Congratulations to Oscar Dominguez’ Emmy-Winning Design for The Voice!

Congratulations are in order to lighting designer Oscar Dominguez of Darkfire Lighting Design and his lighting team for Season 3 of NBC’s The Voice for winning the 2013 Creative Arts Emmy for Outstanding Lighting Design/Lighting Direction for a Variety Series.  Oscar’s team for The Voice is comprised of lighting director Daniel K Boland, lighting director Samuel Barker, and media server operator Craig Housenick.  Major congratulations are in order for your beautiful work!

Oscar Dominguez has been using Chauvet Professional fixtures to create his stunning designs for The Voice since Season 1 of the show’s history, starting with the COLORdash Batten Tri and the COLORado 1 Tri Tour.  Oscar and his team from Darkfire Lighting Design used COLORado and COLORdash to bring pure eclectic color and intensity to the performances given on The Voice while giving the audience a stellar experience both live in studio and at home in broadcast.


Oscar’s work in Season 2 of The Voice brought over 500 Chauvet Professional fixtures into the lighting rig:  over 350 COLORdash Batten Tri units, 60 COLORado 1 Quad Tour fixtures, 48 COLORado 1 Tri Tour units, and 44 pixel mapping Epix Bar fixtures helped Oscar and his team to create the vibrant designs that audiences across the world have come to expect from The Voice.


Season 3 of The Voice was another milestone for Chauvet Professional and The Voice, as Oscar’s lighting rig incorporated the first 86 Nexus 4X4 pixel display units.  Oscar and his Darkfire Lighting Design team designed some of the most spectacular broadcast lighting in recent history, gaining him the Creative Arts Emmy that his work, his team, and The Voice deserve.  Bravo from Chauvet Professional to you and your team, Oscar!


About Oscar Dominguez, from his About page at Darkfire Lighting Design:

Oscar Dominguez, the founder and head designer of DARKFIRE INC, is the man behind the exciting visuals of NBC’s THE VOICE, THE BACHELOR and SHARK TANK. With over 20 years of experience lighting live and episodic television, he is one of an elite group capable of producing the large scale lighting spectacle that top-rated TV shows demand. Oscar was recently nominated for an Emmy for his work on THE VOICE LIVES Season 2 and with his team has created an impressive body of work.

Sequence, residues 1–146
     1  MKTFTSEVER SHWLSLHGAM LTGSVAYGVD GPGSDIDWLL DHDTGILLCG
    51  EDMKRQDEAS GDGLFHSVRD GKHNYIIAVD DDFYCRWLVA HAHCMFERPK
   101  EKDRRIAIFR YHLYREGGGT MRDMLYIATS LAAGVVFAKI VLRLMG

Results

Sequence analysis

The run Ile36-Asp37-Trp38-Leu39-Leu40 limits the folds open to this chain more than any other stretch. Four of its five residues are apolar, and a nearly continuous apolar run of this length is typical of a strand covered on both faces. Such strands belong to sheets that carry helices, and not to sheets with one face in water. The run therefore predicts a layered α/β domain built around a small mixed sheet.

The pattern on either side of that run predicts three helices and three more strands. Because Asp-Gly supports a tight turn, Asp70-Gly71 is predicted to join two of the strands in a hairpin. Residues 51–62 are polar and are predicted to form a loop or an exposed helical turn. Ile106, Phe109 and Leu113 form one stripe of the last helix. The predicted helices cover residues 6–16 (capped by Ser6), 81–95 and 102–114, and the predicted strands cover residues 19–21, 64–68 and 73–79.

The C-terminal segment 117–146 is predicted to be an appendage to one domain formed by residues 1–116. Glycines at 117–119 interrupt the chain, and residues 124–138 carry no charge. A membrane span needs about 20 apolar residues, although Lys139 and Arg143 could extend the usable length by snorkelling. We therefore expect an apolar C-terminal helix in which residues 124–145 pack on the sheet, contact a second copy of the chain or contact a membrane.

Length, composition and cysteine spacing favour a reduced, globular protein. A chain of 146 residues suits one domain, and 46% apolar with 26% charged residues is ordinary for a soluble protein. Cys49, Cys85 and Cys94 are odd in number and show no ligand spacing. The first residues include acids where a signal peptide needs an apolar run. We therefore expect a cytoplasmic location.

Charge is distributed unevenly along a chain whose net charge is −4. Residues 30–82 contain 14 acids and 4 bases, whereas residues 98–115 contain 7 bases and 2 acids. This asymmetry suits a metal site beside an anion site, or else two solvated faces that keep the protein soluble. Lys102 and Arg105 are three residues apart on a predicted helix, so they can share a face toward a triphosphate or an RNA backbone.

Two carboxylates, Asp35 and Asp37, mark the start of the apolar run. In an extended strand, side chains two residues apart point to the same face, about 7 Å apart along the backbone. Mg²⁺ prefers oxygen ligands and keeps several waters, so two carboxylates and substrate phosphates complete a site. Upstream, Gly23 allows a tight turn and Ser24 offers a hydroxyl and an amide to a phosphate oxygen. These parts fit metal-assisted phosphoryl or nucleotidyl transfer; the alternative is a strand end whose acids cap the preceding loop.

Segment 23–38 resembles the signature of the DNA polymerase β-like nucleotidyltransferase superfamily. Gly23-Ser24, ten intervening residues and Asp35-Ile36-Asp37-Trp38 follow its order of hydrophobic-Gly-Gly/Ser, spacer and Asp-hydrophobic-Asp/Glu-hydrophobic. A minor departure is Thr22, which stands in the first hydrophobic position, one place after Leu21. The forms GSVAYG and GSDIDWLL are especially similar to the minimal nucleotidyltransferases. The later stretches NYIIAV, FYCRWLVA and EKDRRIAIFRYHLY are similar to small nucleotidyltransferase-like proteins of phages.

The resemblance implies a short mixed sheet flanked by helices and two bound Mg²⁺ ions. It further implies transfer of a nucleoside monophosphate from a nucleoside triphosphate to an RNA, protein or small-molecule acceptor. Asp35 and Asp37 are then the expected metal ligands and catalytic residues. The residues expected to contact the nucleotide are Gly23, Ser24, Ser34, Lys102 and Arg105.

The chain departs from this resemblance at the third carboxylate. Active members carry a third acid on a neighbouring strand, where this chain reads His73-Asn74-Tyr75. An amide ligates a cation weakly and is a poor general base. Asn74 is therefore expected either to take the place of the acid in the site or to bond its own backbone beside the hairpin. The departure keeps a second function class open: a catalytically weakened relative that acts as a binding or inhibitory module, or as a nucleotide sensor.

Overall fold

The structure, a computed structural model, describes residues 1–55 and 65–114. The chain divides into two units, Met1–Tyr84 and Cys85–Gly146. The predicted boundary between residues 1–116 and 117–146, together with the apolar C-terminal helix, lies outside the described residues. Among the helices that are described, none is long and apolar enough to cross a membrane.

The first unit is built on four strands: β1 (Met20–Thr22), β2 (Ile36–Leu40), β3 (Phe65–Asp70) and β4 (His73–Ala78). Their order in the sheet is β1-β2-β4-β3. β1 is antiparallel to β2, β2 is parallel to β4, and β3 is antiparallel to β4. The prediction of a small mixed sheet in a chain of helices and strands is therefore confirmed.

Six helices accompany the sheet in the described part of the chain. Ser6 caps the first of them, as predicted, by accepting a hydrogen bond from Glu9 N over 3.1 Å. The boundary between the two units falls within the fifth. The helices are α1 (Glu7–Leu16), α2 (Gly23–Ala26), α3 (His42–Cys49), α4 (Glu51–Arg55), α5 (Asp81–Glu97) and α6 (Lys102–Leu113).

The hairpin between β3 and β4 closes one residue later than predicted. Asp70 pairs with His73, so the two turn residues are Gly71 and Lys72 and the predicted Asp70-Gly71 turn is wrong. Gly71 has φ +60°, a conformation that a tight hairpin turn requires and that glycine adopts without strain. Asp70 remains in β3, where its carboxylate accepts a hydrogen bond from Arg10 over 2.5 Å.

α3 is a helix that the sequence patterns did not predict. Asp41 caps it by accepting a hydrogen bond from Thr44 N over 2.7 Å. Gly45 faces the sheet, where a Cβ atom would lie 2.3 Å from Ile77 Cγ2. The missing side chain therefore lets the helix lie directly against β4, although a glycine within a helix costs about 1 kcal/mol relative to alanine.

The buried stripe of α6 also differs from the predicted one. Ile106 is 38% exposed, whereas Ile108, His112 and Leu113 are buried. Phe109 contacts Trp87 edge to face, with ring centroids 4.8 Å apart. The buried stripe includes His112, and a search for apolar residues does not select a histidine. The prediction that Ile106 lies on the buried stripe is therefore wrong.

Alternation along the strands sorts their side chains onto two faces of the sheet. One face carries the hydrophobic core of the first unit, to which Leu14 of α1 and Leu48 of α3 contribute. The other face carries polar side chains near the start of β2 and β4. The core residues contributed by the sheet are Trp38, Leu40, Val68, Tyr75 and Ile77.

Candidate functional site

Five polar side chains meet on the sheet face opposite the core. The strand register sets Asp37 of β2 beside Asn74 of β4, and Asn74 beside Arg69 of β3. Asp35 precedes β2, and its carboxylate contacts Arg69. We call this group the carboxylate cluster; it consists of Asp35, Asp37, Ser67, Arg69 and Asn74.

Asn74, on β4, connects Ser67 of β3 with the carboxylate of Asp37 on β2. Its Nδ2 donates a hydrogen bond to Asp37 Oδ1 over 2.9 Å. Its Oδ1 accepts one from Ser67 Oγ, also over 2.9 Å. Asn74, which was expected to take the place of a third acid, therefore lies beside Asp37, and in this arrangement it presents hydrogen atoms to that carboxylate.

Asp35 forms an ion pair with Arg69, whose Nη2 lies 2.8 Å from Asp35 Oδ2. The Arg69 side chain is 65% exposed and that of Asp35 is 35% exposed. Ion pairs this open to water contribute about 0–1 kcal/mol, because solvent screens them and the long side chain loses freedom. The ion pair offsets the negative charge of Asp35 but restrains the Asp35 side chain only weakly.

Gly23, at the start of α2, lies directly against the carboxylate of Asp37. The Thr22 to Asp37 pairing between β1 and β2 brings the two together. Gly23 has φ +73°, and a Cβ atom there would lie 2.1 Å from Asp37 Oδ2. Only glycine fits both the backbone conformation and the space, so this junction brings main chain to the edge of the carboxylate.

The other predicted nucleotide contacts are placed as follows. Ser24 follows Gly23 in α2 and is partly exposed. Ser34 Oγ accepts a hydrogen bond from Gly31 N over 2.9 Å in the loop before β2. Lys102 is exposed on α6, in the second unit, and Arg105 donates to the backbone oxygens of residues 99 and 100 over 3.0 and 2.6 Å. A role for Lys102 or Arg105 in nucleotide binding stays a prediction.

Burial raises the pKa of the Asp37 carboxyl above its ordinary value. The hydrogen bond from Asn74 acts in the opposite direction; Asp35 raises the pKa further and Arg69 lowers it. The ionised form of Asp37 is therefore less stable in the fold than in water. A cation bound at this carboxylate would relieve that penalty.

DARKFIRE works closely with producers, art directors and videographers to create a lighting plot, budget and equipment recommendations. New technology appears on the marketplace every week and DARKFIRE’s technicians check out its viability and compatibility with modern cameras. The expectations of the TV viewing public have never been higher and the range of traditional and LED based fixtures has never been wider. A generation raised on  excellence in concert lighting wants the same look and texture in their favorite weekly TV show. Fortunately modern camera technology has allowed designers like Oscar to re-create the looks that were previously only possible in live concerts.

Lighting for television is a collaborative process; with the convergence of set, lighting and special effects, the business of design is becoming more specialized. DARKFIRE continues to take a leading role and with every show renews its mission to bring visual excitement to millions of television viewers. 



LD Profile: Oscar Dominguez

Six questions with Oscar Dominguez, venerable lighting designer with more than 20 years of experience and visionary behind Darkfire Lighting Design. Dominguez’ projects include many of TV’s top rated shows such as “The Voice,” “Lopez Tonight,” “The Bachelor,” “The Bachelorette,” “Wipeout,” “Shark Tank,” “America’s Next Top Model,” “Are You Smarter Than a 5th Grader,” “Fear Factor” and more.

1. How did you get started?
My father was a manager for a restaurant across the street from this little sound stage in Van Nuys, California, and he pleaded with them to take me in for a day, which they did. So, I started working and doing little things, like cleaning the stage and mopping the floors — I was 17. A day came when one of the electrics didn’t show up for the call at the studio.  I was told, “here’s a wrench, now go up the ladder and see what you can do.” I started working my way out, became the house gaffer and learned from the other lighting designers working there. I started very low.